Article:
Depeche Mode, by co-incidence, released Sounds Of The Universe around April, and i would suspect a fair few of us still give this a listen as we approach the end of the year.
i like Depeche Mode, but i would have no idea what "classic" DM is. i consider Ultra to be their best album, where most fans would go for Violator or any one of their many great 80s releases. for me, then, this album as the "classic Mode" sound, whatever that actually means.
the lead single, Wrong, is certainly one of their better releases, and the remainder of the album for the most part sounds as good as that. i am not sure where Depeche Mode get the inspiration or creativity to keep on delivering quality records so far into their career, but i suppose one should not worry about the how they do it part just as long as they keep delivering.
now then. Frankie Say Greatest, yet another greatest hits set from my beloved, only released seven singles Frankie Goes To Hollywood, should have been my top release of the year. the people releasing it, Universal Music, decided to make a bit of a mess of the release though.
for some inexplicable reason the one true treasure of the whole "greatest hits" release, and unreleased cover of Do Ya Think I'm Sexy?, was made available through "iTunes" only, and even then only if you bought the whole album again; one that you probably had already ordered the CD of. it's like they did not want to have any chart success or CD sales, really. the CD tracklisting was less than inspiring, with most of us Frankie fans having already spent a fortune buying many copies of all that was on it anyway.
the release wasn't all bad news - as part of a deal to get his solo stuff back out on the shelves, Holly Johnson, after a few years of relative silence, came in to help give the release some publicity. good to see him out and about, as it were!
if for some reason you do not have any Frankie in your collection, the 1 or 2 CD set of Frankie Say Greatest will happily fill that gap in your music library; but us fans after some rarities were left disappointed.
aah, Rodders. a few years ago Rod Stewart came to the not unwise decision that the fans were happier hearing him doing covers of the classics than they were watching him slave over new material. it's a win-win, really - Rod gets to sing the songs he loves, the fans get to hear songs they love with one of the most treasured voices the world of music has.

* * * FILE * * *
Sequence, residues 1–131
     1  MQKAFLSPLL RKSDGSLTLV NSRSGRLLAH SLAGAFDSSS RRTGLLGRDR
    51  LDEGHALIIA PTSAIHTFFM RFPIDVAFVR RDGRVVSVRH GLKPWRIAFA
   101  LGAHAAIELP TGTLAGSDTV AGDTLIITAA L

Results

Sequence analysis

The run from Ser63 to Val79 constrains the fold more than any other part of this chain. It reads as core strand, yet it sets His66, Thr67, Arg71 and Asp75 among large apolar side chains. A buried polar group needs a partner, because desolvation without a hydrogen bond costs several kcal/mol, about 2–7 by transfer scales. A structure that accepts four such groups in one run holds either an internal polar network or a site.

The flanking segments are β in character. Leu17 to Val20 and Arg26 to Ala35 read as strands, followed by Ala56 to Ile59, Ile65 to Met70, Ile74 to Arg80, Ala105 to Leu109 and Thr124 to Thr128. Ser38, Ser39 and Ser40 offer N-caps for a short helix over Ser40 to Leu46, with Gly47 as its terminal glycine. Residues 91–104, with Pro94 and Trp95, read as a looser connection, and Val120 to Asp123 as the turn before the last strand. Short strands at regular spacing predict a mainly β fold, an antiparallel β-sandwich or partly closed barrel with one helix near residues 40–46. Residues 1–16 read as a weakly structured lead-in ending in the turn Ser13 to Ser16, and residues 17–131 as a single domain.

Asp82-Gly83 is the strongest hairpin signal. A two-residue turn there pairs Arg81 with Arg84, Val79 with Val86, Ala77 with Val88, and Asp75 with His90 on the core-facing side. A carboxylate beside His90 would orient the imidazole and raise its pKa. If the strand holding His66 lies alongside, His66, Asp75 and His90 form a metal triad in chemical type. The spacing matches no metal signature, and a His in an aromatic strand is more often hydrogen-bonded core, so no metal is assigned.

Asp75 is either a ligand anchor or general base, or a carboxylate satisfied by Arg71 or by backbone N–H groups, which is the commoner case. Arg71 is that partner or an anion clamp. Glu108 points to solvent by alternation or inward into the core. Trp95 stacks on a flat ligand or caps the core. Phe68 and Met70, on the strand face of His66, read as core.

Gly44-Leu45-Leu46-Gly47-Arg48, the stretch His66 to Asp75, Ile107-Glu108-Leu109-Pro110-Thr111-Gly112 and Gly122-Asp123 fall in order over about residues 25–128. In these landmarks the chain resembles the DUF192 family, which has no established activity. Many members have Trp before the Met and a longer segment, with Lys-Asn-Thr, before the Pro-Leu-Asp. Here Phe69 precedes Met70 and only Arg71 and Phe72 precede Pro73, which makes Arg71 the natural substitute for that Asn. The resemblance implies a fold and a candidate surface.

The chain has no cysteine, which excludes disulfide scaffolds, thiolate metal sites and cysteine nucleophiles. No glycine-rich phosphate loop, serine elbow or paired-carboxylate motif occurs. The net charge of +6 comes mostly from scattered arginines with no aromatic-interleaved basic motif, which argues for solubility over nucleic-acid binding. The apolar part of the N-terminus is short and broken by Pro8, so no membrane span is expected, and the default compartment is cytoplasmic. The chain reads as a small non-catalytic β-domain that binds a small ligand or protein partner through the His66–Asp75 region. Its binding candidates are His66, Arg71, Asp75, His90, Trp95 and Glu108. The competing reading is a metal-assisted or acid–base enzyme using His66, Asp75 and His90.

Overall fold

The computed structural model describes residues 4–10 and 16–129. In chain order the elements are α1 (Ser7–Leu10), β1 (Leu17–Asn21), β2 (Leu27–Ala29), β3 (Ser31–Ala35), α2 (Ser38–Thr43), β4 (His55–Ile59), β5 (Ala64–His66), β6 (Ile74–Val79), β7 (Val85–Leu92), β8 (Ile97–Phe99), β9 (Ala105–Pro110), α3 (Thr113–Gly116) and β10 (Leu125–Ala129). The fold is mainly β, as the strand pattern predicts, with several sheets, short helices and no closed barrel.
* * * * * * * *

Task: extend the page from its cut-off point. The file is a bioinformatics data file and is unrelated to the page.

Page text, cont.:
the voice is, sadly, getting rather frail and weaker than it was due to Rod's well-documented health problems, but that doesn't stop Soulbook the sound of Rod that we all know and love.
there's a few curveballs on the album - the version of Wonderful World was not what i was expecting - but overall it's a fine, fine album to have in the car.
caution is required here, as my Dad is quite a Dylan fan. not that i have anything against him. when my Dad asked if i had heard Dylan's latest release, the seasonally themed Christmas In The Heart, i with some diplomacy informed him that i had certainly heard enough of it, thank you, and passed it along to him to enjoy.
erm, yeah. i am not sure what the market is for avid or casual Dylan fans that want to hear him meander through some reasonably well known yuletide classics, but that gap in the market has well and truly been filled. it's not bad, as such, but that doesn't mean that all and sundry will wish to hear this on Christmas morning this year. or next.
Bob Dylan's bash at Christmas is not, however, the worst album of the year, if that's what you are thinking. oh no, not by a long distance.
easily the worst, most disappointing album of the year was U2's No Line On The Horizon. i mean, just look at the cover. if the band can't be bothered with a decent cover (and let's be honest, plain white would have been more creative) for their record then there's every chance that the record it holds isn't very good. this album is a very stark, sad illustration of this.
for this album U2 decided to work to a deadline rather than record it, work on it and release it. the last time they did this it was for the less than brilliant Pop album, and this time round they released an album which was nowhere near as good as Pop. yeah, that bad. i managed to listen to it all the way through once, skipped through a couple of more times, and then left it alone.
as their last two albums have been rather good, How To Dismantle An Atomic Bomb in particular being one of their best for a long time indeed, this is a disappointing step backwards for the band. not one single track bears worth a mention from it, and if you are a U2 fan and haven't blindly bought it, well, the advice would be do not bother to.
well, with apologies to Bono, there you have it! hope you all got to listen to some quality music during the year!!
be excellent to each other!!!!!!!!!!!!!!!!!!!!!